Ah – Snapdragon – botanically known as Antirrhinum ! An early spring flower that will tolerate light frost and keep on blooming. Snapdragons are a common flower, but one sure to delight the little ones in your life if they are allowed to play with some of the blooms which look like the top and bottom of a dragons head (use your imagination). Little ones delight in moving the flower heads together making the dragon talk – or eat bugs as the case may be.
Snapdragons come in all colors and sizes from short to tall. There are even double-flowered varieties which are my personal favorite. The taller ones are ideal for cut flowers. They are annual plants which means they just grow, bloom, set seed and die – however sometimes – depending on where you live, the seeds that fall to ground germinate the following spring. I have had that happen here in Indiana, USDA Hardiness Zone 5 and 6.
Typically I start my snapdragon seeds on January 3. I want them to have plenty of time to germinate and grow before it is time to plant them outdoors – and I know if I see them in bloom before the ones I grew from seed begin to bloom, I’ll end up buying a flat or two. After all, one simply cannot have too many early spring blooming plants that can survive light frost.
The seeds require light to germinate, so sow them directly on top of your preferred seed starting medium, press them lightly into the top of the pre-moistened soil and always water the containers of seeds or seedlings from the bottom. You do not want to disturb the tiny seedlings root system. I prefer to sow my seeds right on top of pre-moistened vermiculite because I find this helps prevent dampening off. The seeds also need cool temperatures in order to germinate. For those of you who use the winter sowing method of seed starting, snapdragons are an ideal candidate. The average germination time is between 10 to 21 days based on my own personal experience.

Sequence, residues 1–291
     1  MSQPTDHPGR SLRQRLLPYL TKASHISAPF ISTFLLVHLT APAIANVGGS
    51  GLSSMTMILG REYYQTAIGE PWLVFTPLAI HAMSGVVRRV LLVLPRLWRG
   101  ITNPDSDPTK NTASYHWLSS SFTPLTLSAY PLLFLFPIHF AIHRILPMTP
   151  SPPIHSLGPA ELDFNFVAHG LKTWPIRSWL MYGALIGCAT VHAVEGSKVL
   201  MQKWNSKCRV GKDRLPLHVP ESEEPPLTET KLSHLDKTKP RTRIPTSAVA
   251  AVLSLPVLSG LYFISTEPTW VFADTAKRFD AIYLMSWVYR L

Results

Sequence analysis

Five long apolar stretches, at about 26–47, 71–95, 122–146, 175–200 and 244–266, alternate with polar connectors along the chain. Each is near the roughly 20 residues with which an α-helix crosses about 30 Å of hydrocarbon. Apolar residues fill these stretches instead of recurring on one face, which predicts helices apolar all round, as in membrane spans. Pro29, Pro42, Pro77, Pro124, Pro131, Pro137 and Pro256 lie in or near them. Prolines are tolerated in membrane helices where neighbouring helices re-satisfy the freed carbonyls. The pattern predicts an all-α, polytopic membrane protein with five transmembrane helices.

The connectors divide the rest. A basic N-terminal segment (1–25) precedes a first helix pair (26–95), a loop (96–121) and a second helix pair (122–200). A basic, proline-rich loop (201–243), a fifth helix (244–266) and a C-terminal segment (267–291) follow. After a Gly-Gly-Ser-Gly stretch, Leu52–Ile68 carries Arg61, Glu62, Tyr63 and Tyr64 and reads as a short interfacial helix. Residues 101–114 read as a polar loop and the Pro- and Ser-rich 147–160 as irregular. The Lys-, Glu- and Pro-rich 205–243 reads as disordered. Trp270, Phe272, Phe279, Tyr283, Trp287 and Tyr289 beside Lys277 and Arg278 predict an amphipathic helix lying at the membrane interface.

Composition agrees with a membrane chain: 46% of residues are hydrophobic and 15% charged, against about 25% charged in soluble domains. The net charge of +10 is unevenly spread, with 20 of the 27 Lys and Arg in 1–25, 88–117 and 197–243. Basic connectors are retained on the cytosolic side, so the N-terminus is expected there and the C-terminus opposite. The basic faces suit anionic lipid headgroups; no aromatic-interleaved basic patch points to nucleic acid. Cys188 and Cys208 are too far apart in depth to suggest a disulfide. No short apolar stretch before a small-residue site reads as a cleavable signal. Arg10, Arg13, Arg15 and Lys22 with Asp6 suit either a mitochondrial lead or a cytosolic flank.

Here are the two varieties I am growing this year along with a little bit of information about each variety.
Magic Carpet Mixed Colors Snapdragon:
This variety is free-flowering and compact, reaching a mature height of just six inches. The flowers are full size. Deadheading – or cutting off the faded flowers , encourages the plant to keep producing new flower spikes.
The seeds take 10 to 15 days to germinate. Plant seedlings 10 to 12 inches apart in the garden.
Tall Deluxe Mixed Colors Snapdragon:
This is a good choice if you are growing snapdragons for cut flowers because the plants reach a height of 3 1/2 feet. It is ideal for the back of the border and is a very vigorous variety. Expect a flush of blooms in early summer. Deadhead the spent blooms and the plants will produce a second flush of blooms in the fall.
The seeds germinate in 10 to 14 days. Space plants 10 inches apart in the garden.
Other varieties of snapdragons I have grown in the past include:
Snapdragon mix- open-pollinated seed from the garden
Snapdragon mix – large and small
Snapdragon – T & M new 2004
Snapdragon ‘Azalea White’
Snapdragon ‘Bells Pink’
Snapdragon ‘Black Prince’
Snapdragon ‘Chimes Bronze’
Snapdragon ‘Cinderella Mix’
Snapdragon ‘Cinnamon Bronze’
Snapdragon ‘Double Azalea Flowered Mix’
Snapdragon ‘Fancy Mix’
Snapdragon ‘Frosty Lavender Bells’
Snapdragon ‘Gum Drops Mix’
Snapdragon ‘La Bella Mixture’
Snapdragon ‘La Bella Rose’
Snapdragon ‘Liberty Classic White’
Snapdragon ‘Magic Carpet’
Snapdragon ‘Maximum Mixture’
Snapdragon ‘Night and Day’
Snapdragon ‘Rainbow Mix’
Snapdragon ‘Ribbon Light Pink’
Snapdragon ‘Ribbon Purple’
Snapdragon ‘Select Dragon Pink’
Snapdragon ‘Tall Rust Resistant Mixed Colors’
Snapdragon ‘Yellow Chimes’
Snapdragon ‘Rainbow Mix’
Are you interested in knowing even more about seed saving and starting? Check out my book The Complete Idiot’s Guide To Seed Saving & Starting!